If Washington lets Cousins leave next offseason, the maximum return it will get is a compensatory pick at the bottom of the third round during the 2019 draft. If it spends in free agency to try to replace Cousins by signing someone like Sam Bradford, it won’t even get that selection. Losing Cousins is a nightmare, but losing him for free is even worse.
Washington is also about to face a 2017 season that will be defined by the battle between Cousins and the organization, one which is (even for Washington) likely to become a circus. Few are expecting Washington to compete for a playoff spot in 2017, and while anything can happen in the topsy-turvy NFL, it’s not as if the organization seems likely to win a Super Bowl this season, regardless of who is playing quarterback.
With that in mind, does it make sense for Washington to try to be proactive about its future and trade Cousins now? And, as is the case with the Oklahoma City Thunder trading for Paul George a year before his own free agency, is there a team out there bold enough to trade for Cousins in the hopes of retaining him next year?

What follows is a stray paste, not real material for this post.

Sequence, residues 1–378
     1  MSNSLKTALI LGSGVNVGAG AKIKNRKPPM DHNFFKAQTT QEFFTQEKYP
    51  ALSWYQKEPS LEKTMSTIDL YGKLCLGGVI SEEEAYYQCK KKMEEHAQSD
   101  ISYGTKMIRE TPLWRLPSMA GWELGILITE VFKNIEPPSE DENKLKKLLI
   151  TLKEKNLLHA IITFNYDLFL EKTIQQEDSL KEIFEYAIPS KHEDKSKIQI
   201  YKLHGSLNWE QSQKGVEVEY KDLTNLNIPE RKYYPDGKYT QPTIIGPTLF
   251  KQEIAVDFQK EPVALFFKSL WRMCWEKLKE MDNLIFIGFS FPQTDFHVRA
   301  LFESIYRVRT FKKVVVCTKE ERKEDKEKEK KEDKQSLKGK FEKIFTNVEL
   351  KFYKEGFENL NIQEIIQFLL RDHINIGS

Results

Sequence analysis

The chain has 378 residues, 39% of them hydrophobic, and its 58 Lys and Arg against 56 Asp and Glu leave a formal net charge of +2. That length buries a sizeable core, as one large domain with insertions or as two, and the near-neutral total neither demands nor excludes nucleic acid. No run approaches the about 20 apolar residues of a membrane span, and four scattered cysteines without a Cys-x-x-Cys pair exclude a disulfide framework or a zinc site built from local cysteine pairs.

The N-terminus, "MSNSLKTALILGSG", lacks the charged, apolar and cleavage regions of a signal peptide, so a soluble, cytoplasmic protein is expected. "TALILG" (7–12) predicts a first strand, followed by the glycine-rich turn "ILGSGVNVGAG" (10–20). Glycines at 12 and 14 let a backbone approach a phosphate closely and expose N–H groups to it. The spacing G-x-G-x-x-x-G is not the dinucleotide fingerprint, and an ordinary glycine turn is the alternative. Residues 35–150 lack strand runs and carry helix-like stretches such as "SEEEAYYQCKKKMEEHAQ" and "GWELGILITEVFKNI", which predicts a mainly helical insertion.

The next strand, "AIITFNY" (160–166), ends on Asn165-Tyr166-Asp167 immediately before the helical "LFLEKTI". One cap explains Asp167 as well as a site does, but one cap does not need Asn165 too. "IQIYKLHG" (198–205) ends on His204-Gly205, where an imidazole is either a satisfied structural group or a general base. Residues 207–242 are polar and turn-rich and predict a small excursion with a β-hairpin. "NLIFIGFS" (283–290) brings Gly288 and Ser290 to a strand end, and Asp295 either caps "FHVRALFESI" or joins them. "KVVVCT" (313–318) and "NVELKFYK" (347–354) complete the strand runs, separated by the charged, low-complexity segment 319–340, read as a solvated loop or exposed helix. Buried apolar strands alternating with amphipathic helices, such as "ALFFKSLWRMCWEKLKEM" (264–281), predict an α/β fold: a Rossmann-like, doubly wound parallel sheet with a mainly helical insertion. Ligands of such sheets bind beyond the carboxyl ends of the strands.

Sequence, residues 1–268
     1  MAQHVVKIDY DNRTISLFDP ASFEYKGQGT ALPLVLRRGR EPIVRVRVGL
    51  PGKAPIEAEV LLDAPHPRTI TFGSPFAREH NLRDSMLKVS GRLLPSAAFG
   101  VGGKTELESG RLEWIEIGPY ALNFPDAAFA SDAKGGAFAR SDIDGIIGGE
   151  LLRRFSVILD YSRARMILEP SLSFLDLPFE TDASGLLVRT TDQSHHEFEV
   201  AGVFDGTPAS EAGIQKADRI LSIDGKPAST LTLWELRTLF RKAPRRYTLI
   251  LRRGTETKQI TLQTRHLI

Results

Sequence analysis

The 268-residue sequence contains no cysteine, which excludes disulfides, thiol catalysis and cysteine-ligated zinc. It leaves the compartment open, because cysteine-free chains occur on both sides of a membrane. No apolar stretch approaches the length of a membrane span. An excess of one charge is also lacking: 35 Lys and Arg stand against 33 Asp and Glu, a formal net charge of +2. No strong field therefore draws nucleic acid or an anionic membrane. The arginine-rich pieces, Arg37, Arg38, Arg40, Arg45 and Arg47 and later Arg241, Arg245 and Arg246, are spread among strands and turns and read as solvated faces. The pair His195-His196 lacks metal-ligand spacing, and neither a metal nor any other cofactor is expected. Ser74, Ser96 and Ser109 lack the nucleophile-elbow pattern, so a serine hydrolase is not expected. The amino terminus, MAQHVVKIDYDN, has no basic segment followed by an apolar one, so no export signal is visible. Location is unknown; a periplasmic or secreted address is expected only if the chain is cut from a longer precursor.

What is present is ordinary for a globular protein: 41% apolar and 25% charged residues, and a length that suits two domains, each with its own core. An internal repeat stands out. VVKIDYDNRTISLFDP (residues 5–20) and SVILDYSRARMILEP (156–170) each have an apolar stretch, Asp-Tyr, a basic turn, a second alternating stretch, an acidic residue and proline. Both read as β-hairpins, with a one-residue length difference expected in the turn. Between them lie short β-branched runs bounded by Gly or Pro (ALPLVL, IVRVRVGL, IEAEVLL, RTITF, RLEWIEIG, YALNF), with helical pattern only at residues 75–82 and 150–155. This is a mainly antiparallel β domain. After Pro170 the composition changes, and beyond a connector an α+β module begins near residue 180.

There should be. Teams like the Browns and 49ers could acquire Cousins in free agency next offseason, but they could also try to trade for Cousins now and convince the former Michigan State star that his future lies in their city. They can’t negotiate an extension with Cousins until after the season, but each of those teams would have the cap space to franchise Cousins for a third time without incurring significant opportunity cost in the meantime. They would also presumably be willing to give Cousins the sort of long-term deal he expects to receive in free agency.
If you’re San Francisco, do you offer your 2018 second-round pick and Brian Hoyer to Washington? Would Cleveland be willing to give up Houston’s first-round pick and Brock Osweiler (after a contract restructuring) to try to steer Cousins away? And would Washington be willing to take a guaranteed pick and a veteran quarterback to try and move on from the Cousins era with something to show for its efforts? Neither of those options seem particularly appealing, but after a bizarre day, Washington doesn’t appear to have an appealing long-term future at quarterback, either.